Learn About Pituitary Dwarfism

What is the definition of Pituitary Dwarfism?

Growth hormone deficiency means the pituitary gland does not make enough growth hormone.

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What are the alternative names for Pituitary Dwarfism?

Pituitary dwarfism; Acquired growth hormone deficiency; Isolated growth hormone deficiency; Congenital growth hormone deficiency; Panhypopituitarism; Short stature - growth hormone deficiency

What are the causes of Pituitary Dwarfism?

The pituitary gland is located at the base of the brain. This gland controls the body's balance of hormones. It also makes growth hormone. This hormone causes a child to grow.

Growth hormone deficiency may be present at birth. Growth hormone deficiency may be the result of a medical condition. Severe brain injury may also cause growth hormone deficiency.

Children with physical defects of the face and skull, such as cleft lip or cleft palate, may have decreased growth hormone level.

Most of the time, the cause of growth hormone deficiency is unknown.

What are the symptoms of Pituitary Dwarfism?

Slow growth may first be noticed in infancy and continue through childhood. The pediatrician will most often draw the child's growth curve on a growth chart. Children with growth hormone deficiency have a slow or flat rate of growth. The slow growth may not show up until a child is 2 or 3 years old.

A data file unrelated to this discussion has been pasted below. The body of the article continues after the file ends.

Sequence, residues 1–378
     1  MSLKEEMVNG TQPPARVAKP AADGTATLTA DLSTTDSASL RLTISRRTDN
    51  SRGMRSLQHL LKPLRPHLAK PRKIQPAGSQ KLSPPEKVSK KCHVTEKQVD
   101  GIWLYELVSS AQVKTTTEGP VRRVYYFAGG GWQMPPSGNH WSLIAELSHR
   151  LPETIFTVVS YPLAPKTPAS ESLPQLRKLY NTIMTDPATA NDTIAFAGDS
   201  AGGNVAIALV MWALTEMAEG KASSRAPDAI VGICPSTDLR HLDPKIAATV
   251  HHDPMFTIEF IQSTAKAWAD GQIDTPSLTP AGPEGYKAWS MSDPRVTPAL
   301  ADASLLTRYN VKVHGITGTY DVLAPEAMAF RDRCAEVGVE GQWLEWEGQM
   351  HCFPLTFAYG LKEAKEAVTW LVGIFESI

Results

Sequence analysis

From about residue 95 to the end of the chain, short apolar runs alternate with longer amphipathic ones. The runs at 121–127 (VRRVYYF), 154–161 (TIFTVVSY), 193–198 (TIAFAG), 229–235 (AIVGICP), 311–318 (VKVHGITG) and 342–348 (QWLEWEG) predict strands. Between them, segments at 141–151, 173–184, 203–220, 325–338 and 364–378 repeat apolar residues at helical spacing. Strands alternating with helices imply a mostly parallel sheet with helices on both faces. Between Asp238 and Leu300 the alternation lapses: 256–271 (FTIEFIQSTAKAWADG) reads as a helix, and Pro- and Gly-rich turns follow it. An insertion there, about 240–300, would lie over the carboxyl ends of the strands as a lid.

The child will be much shorter than most children of the same age and sex. The child will still have normal body proportions, but may be chubby. The child's face often looks younger than other children of the same age. The child will have normal intelligence in most cases.

In older children, puberty may come late or may not come at all, depending on the cause.

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What are the current treatments for Pituitary Dwarfism?

Treatment involves growth hormone shots (injections) given at home. The shots are most often given once a day. Older children can often learn how to give themselves the shot.

Treatment with growth hormone is long-term, often lasting for several years. During this time, the child needs to be seen regularly by the pediatrician to ensure the treatment is working. If needed, the health care provider will change the dosage of the medicine.

Serious side effects of growth hormone treatment are rare. Common side effects include:

  • Headache